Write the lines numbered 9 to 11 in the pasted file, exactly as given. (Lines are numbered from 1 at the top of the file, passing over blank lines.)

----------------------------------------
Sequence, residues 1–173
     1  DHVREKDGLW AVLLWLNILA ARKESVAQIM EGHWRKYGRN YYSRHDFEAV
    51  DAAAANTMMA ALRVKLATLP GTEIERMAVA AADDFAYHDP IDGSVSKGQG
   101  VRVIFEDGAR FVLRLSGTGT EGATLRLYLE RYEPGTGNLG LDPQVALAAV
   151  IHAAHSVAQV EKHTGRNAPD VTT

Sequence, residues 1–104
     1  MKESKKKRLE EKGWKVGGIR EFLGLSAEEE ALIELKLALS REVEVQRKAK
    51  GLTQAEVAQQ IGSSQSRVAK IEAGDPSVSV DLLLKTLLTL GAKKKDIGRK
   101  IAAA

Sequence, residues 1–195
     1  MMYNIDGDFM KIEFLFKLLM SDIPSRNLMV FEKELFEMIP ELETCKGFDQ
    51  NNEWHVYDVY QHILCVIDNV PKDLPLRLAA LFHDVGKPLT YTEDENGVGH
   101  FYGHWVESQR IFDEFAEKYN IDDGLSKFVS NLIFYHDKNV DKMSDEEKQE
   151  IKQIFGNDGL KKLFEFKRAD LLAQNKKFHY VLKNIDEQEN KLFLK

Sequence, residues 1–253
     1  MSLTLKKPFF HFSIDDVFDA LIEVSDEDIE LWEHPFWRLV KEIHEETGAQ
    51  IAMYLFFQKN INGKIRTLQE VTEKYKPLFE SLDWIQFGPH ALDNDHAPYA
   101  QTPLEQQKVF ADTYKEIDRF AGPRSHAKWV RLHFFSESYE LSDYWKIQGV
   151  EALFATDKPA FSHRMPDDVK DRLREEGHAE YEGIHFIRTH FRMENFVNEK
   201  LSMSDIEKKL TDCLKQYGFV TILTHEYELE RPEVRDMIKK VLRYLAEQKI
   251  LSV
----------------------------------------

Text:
   101  IAAA

Sequence, residues 1–195
     1  MMYNIDGDFM KIEFLFKLLM SDIPSRNLMV FEKELFEMIP ELETCKGFDQ